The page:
IUCN Assessment Shows Extinction Threatens 58% of Europe’s Endemic Trees
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The ‘European Red List of Trees’ assesses the conservation status of the 454 tree species native to Europe and finds that 42% of trees regionally are threatened with extinction.

The assessment identifies invasive species, unsustainable logging and urban development as key threats to Europe’s tree species.

27 September 2019: In an assessment of the state of Europe’s biodiversity, the International Union for Conservation of Nature (IUCN) finds that 58% of endemic trees (those that exist only in this region) in Europe are threatened by extinction. The assessment aims to improve knowledge of the continent’s biodiversity and evaluate overlooked species for the European Red List.

The report titled, ‘European Red List of Trees,’ looks at the conservation status of the 454 tree species native to Europe and finds that 42% of trees regionally are threatened with extinction. Among Europe’s endemic trees, the assessment classifies 58% as threatened and 15% as critically endangered. The Sorbus genus, which includes the Crimean Rowan and the Mountain-ash, are particularly affected, with 75% of Europe’s 170 Sorbus species classified as threatened.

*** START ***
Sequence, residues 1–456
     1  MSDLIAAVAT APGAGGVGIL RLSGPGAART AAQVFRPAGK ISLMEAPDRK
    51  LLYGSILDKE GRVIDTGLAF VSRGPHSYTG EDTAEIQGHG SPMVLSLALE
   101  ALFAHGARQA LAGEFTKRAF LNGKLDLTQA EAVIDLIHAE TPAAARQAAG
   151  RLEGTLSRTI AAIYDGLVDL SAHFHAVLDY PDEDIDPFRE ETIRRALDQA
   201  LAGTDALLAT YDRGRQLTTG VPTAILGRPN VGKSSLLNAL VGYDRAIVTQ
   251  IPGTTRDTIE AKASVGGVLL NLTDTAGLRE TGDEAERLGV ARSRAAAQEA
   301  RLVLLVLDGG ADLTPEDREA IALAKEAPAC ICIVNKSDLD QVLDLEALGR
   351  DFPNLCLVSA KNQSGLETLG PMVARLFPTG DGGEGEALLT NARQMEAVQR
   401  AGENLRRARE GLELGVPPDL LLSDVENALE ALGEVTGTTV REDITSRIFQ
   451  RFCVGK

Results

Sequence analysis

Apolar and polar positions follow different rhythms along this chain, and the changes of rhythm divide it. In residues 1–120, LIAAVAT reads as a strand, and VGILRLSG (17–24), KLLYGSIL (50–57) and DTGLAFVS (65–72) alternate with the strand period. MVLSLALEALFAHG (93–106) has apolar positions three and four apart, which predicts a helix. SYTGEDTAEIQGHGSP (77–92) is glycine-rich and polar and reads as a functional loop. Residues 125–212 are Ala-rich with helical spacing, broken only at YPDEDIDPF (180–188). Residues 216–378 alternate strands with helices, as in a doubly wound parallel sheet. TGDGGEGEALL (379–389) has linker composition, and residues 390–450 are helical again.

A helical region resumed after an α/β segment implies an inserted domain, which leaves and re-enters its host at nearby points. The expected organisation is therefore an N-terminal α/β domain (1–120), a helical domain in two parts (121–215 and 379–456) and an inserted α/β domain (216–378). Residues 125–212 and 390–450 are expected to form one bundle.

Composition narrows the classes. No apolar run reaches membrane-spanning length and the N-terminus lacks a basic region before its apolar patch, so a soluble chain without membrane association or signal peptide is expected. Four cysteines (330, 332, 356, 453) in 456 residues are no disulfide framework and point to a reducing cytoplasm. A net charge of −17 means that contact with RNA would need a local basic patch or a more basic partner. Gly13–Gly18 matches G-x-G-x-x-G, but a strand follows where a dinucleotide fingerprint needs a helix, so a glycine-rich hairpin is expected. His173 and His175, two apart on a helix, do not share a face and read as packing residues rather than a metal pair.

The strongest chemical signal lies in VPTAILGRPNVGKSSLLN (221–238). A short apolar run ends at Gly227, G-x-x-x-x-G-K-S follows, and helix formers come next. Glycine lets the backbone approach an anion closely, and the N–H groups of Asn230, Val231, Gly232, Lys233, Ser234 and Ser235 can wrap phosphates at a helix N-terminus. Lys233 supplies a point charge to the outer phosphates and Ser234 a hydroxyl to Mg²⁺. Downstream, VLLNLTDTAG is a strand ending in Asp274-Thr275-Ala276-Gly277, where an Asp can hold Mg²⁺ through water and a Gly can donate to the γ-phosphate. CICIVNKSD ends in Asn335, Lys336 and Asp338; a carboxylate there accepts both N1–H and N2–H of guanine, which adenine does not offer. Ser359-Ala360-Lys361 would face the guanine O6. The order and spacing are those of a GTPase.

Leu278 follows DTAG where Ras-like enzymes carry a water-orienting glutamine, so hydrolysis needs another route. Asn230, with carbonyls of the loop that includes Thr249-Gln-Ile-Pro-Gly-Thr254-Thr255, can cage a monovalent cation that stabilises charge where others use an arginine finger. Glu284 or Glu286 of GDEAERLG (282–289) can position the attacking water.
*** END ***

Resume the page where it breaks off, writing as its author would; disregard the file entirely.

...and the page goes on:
The assessment identifies invasive species, unsustainable logging and urban development as key threats to Europe’s tree species. The leaf-miner moth, for instance, is an invasive species that originated in the mountainous regions of the Balkans. It invaded the rest of Europe, damaging horse-chestnut trees (Aesculus hippocastanum), which are now classified as vulnerable. Additional threats to Europe’s tree species include agriculture and climate change.

IUCN Red List Unit Head, Craig Hilton-Taylor said the European Red List assessment highlights the importance of both conserving these species and integrating them into “regular conservation planning and land management.” [IUCN Press Release] [Publication: European Red List of Trees]

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